Women And Natural Resource Management: A Study Of ‘Communities Of Practice’ Prevailing In Women Farmers’ Community for Management of Water and Forests of Lesser Himalayan Region in India

  • Citation: Joshi, K. and N. Bhardwaj. “Women And Natural Resource Management: A Study Of ‘Communities Of Practice’ Prevailing In Women Farmers’ Community for Management of Water and Forests of Lesser Himalayan Region in India,” International Journal of Advanced Research (2015)
    • Topics:
    • Global Development
    • Keywords:
    • water and forest management
    • Himalayan region
    • India
    • women

This paper draws on a case study of women involvement in the water and forest management in lesser Himalayan region of Nainital District, India and provides insights into the characteristics of Communities of Practice (CoPs) prevailing in the hill women community for water and forest management of the region. Social participation in formal and informal communities by the women indicated that more number of women participates in informal community practices. Majority of the women were not the member of any formal organization. Though, most of the women were member of the one society, the office bearers were least, majority of the women were peripheral members in the CoPs of village community and least were active members. As nature of participation of the women, they considered knowledge features as very important giving I rank to “Having informal meetings, fun and nonwork-related activities”. Mediocre sense of belongingness in community of practices was shown by majority of women. The percentage of attitude of women towards Community of Practice as measured by people‟s participation index was highly favorable. Lesser Himalayan region of Nainital district has demonstrated that Communities of Practice and smallholder‟s tacit knowledge can work for each other complementarily and therefore CoPs through smallholder‟s tacit knowledge is highly operational. The CoPs model for natural resource management is of great relevance to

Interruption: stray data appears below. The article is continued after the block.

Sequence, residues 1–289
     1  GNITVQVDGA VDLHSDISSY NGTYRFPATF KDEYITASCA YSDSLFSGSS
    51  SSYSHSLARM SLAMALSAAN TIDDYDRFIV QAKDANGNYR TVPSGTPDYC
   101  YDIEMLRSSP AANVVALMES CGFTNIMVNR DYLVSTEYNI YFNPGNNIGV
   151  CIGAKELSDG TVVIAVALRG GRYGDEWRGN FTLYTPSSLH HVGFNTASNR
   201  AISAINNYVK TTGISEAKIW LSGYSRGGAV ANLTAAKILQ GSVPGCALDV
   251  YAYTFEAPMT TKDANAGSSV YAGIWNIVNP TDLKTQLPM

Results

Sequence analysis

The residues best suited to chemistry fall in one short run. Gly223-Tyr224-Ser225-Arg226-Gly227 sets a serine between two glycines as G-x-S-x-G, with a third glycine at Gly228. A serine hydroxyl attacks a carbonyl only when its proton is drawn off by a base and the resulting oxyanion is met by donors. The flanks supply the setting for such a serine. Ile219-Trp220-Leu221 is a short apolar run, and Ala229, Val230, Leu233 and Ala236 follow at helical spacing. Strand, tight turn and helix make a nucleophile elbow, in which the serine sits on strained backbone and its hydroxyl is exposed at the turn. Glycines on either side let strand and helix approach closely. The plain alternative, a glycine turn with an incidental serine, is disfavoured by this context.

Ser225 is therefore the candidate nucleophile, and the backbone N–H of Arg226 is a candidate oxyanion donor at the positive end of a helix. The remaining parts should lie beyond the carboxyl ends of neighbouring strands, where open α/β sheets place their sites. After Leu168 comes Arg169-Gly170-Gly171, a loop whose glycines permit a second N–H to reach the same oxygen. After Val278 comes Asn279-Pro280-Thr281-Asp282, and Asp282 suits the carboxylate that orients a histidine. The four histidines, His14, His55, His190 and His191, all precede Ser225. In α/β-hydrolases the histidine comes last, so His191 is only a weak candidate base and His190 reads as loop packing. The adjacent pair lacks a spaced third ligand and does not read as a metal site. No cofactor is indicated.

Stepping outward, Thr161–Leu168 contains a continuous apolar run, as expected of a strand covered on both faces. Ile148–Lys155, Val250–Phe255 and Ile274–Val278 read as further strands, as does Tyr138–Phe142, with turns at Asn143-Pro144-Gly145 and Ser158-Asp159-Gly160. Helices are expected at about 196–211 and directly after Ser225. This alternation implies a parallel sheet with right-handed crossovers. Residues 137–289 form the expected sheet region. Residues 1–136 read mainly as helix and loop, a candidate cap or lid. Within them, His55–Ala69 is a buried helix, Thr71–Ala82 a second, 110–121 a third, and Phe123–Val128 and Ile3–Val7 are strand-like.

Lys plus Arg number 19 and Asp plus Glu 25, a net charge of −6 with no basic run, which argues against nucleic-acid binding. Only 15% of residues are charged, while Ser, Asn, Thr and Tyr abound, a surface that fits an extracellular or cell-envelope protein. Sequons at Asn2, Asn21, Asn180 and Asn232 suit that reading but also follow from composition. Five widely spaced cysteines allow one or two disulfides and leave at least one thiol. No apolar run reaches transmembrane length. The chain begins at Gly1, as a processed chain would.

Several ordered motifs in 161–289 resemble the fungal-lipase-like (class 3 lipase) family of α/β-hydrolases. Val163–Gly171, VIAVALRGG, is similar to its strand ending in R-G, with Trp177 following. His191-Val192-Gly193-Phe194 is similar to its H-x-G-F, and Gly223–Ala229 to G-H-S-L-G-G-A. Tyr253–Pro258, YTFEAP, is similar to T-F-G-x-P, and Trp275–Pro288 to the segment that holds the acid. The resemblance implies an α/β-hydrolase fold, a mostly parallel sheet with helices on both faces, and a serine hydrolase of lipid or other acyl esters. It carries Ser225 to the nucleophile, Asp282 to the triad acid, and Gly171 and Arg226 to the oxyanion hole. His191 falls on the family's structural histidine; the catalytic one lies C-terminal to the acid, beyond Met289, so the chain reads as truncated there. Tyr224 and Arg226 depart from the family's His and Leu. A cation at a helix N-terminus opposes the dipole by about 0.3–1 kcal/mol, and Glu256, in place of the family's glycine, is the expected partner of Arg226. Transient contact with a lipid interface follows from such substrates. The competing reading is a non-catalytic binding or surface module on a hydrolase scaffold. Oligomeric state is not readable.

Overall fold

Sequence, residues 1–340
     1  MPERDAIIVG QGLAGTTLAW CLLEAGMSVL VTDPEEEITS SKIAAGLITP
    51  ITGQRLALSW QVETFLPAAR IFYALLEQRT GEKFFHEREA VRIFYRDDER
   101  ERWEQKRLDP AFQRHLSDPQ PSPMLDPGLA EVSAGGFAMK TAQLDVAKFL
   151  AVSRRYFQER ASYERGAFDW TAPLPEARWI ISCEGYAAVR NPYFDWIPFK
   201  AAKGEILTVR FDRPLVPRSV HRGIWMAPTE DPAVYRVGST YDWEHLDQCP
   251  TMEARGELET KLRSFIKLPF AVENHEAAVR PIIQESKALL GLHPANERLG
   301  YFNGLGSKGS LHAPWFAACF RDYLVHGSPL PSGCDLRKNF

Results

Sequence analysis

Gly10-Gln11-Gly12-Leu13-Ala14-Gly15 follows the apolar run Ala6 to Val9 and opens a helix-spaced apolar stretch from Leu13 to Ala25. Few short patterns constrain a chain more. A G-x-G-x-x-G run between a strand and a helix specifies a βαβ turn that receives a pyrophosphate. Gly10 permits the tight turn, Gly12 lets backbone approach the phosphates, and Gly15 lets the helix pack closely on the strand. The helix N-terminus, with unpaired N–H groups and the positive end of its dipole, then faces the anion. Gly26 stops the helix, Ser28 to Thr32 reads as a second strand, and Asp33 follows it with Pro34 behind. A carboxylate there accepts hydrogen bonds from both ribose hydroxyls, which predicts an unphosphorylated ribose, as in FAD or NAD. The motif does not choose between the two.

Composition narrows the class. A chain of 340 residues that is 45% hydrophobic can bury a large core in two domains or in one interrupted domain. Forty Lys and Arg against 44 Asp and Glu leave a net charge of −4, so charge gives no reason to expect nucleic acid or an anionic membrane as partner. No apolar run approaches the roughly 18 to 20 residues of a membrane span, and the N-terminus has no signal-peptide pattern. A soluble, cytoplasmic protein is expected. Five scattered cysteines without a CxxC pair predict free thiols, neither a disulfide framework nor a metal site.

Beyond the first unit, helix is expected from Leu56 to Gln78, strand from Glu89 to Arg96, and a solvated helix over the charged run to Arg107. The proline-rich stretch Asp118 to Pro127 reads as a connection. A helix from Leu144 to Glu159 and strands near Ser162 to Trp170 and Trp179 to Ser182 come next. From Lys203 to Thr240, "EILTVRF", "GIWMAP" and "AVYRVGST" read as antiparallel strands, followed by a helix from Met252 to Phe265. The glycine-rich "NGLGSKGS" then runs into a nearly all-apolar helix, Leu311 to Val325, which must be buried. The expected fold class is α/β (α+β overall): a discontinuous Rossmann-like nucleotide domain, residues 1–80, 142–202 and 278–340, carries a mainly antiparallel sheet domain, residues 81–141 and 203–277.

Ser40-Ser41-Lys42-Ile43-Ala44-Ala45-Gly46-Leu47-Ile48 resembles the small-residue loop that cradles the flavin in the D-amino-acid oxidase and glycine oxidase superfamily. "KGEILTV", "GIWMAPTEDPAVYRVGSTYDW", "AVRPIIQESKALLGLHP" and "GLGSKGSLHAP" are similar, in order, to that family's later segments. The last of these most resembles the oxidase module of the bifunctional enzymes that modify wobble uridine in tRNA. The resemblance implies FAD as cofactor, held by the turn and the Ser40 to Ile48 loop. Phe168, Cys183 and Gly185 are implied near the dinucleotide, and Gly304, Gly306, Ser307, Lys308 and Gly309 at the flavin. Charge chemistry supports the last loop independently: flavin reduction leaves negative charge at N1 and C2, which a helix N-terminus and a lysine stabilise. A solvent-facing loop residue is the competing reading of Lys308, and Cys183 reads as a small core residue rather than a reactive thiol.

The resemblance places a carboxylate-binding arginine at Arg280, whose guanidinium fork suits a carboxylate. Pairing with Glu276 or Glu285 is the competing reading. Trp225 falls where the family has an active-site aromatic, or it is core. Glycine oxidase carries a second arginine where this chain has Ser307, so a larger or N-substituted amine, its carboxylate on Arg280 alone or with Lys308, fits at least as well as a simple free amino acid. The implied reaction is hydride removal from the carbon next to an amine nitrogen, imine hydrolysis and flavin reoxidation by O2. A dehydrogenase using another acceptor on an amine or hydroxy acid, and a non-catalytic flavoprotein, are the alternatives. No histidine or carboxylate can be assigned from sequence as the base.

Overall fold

ther fragile parts of Asia, which are losing natural resources in terms of the twin goals of national and food security.

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